Friendsical - Time & Leisure

T&L Reviews: Friendsical at The Rose

Jenny Booth reviews Friends spin-off, Friendsical, at The Rose in Kingston

All 236 episodes of the hit sitcom Friends were packed into two hectic hours in the absurd spoof Friendsical, whose UK tour reached the Rose Theatre in Kingston this week.

The enduring pull of Ross, Rachel, Chandler, Monica, Phoebe and Joey ensured that the Friendsical auditorium was pretty full for a Monday night. The show moved at breakneck speed but seemed unable to make up its mind what it was: neither full-on satire nor affectionate tribute act.

The deliberately flimsy premise was that Ross was staging a re-enactment of Friends, particularly his on-off relationship with Rachel. This parody of Friends’ lightweight plotlines hinted that we were in for some laughs at the show’s expense. Jamie-Lee Morgan’s manic caricature of Ross’s most annoying personality flaws reinforced that first impression. Charlotte Elisabeth Yorke’s Rachel morphed from an emotional wreck into a harridan with fake breasts, Sarah Goggin’s OCD Monica was gimlet-eyed, and there were repeated digs at the show’s homophobia with scenes of hastily stifled bromance.

But Thomas Mitchells’s believable Chandler seemed to come out of a different show, one that was sticking closer to the original. Meanwhile the scene was repeatedly stolen by Jordan Fox’s Joey, who began as doltish but soon cast off the shackles of Joey’s actual character and soared into the realms of the surreal.

Fox provided the best laughs of the night with his camp portrayal of Chloe, the hot girl from Xerox, who tempts Ross to be unfaithful. “We were on a break!” orange-faced Ross foghorns guiltily, fidgeting in his sweaty pvc trousers.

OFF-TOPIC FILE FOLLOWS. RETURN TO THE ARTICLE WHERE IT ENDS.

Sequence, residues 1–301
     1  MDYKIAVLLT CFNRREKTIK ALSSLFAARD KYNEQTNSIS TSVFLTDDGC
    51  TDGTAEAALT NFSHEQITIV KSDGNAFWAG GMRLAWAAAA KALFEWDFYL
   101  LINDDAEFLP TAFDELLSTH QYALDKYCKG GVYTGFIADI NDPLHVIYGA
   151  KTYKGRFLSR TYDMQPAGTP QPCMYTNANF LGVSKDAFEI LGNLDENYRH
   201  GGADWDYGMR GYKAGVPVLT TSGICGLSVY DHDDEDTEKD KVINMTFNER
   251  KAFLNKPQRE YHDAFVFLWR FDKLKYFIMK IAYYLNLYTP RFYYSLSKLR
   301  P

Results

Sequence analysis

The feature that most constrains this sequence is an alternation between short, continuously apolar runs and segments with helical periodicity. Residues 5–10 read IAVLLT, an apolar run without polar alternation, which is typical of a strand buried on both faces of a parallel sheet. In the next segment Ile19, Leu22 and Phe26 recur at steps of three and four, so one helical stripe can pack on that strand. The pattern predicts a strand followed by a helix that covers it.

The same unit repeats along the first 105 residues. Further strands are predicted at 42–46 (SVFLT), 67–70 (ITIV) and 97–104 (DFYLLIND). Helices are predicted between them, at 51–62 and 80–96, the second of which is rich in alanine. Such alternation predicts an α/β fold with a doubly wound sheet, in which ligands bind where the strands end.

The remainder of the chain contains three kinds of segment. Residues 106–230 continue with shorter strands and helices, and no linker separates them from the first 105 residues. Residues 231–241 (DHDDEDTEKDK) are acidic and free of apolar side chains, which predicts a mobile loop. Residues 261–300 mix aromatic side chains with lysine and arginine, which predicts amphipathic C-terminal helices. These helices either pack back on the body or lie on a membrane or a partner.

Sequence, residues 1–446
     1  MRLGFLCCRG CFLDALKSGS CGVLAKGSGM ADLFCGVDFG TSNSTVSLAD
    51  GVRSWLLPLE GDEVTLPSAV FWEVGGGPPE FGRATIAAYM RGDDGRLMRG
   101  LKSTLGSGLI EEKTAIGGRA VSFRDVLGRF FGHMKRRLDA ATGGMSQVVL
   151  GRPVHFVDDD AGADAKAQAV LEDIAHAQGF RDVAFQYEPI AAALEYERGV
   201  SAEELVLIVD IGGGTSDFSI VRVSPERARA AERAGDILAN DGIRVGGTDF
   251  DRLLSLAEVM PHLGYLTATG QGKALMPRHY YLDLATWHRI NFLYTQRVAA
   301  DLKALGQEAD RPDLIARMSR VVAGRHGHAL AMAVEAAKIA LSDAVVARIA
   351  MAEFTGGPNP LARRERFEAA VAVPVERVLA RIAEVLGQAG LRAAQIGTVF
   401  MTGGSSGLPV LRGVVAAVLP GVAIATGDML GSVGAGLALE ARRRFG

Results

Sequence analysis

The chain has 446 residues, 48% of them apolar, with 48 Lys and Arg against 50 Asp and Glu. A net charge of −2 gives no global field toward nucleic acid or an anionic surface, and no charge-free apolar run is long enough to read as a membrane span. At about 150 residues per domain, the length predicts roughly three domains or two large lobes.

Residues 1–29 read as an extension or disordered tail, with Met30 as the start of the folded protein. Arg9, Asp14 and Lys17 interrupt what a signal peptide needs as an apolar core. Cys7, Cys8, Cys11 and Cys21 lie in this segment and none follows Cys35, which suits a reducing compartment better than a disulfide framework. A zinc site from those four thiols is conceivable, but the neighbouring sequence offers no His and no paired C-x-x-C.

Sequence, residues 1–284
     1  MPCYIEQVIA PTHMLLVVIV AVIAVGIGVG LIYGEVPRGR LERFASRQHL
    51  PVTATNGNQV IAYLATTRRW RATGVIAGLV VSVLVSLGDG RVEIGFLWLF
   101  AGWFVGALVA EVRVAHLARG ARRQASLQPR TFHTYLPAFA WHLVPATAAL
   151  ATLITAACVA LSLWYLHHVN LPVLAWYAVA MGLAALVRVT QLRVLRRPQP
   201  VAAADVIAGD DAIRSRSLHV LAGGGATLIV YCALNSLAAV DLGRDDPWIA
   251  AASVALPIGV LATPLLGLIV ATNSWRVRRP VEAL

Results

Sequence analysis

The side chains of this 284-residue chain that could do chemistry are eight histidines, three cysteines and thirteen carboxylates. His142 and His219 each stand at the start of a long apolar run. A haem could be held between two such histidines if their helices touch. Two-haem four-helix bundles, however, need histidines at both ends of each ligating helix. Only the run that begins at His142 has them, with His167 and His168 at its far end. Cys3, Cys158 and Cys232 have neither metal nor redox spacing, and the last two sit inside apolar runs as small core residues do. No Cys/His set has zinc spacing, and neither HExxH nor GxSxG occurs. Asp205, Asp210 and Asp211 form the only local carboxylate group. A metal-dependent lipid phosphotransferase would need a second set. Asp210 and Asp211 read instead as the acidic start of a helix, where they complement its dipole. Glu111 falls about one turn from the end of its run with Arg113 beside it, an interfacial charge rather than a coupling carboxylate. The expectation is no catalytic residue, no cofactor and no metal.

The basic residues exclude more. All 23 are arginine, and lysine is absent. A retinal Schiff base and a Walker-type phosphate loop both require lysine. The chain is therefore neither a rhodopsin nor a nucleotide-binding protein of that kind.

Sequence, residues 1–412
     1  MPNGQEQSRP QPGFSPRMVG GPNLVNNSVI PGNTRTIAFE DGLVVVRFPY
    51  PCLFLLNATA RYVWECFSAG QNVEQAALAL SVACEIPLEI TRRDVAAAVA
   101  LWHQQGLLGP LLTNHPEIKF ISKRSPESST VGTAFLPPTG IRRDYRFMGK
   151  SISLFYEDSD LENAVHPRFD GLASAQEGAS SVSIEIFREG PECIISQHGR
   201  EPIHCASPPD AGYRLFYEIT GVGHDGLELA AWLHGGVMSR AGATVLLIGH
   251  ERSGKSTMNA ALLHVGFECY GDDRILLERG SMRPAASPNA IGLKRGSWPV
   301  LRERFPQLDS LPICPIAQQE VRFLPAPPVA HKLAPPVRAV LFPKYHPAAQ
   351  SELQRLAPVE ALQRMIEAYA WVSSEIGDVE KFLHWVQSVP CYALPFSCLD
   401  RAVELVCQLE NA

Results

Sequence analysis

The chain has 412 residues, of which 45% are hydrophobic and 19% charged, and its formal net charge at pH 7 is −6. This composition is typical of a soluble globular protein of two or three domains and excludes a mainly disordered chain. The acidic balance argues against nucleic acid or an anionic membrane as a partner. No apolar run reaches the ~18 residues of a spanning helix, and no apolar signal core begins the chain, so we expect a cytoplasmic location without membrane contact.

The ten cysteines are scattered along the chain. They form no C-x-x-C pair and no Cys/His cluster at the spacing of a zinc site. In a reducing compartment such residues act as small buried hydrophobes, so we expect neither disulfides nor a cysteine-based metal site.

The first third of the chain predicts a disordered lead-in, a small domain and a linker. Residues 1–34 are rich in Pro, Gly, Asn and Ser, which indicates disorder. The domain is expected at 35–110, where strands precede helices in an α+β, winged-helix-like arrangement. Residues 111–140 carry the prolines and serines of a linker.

The dance numbers were the highlights, slickly choreographed by Darren Carnall and performed with vim. It was a pity that copyright seemed to have stopped Friendsical from using the original theme music, as the reworked versions by Barrie Bignold sounded a bit lame by comparison.

Friendiscal provided some enjoyably crazy moments, such as Ally Retberg’s Janice, but failed to live up to its promise of taking the characters somewhere new. Instead it lapsed into a whistle-stop tour of the show’s iconic moments, albeit with zany zing.

“How can you riff on something that is pretty much perfect?” I overhead one fan lamenting, and it’s a question that the show’s writer, lyricist and director Miranda Larson should probably have spent more time thinking about. This was a show for the believers, as detailed Friends knowledge was required. The effect was Marmite: there were cheers at the end from one section of the crowd, while others appeared to be underwhelmed.


Friendsical at The Rose, Kingston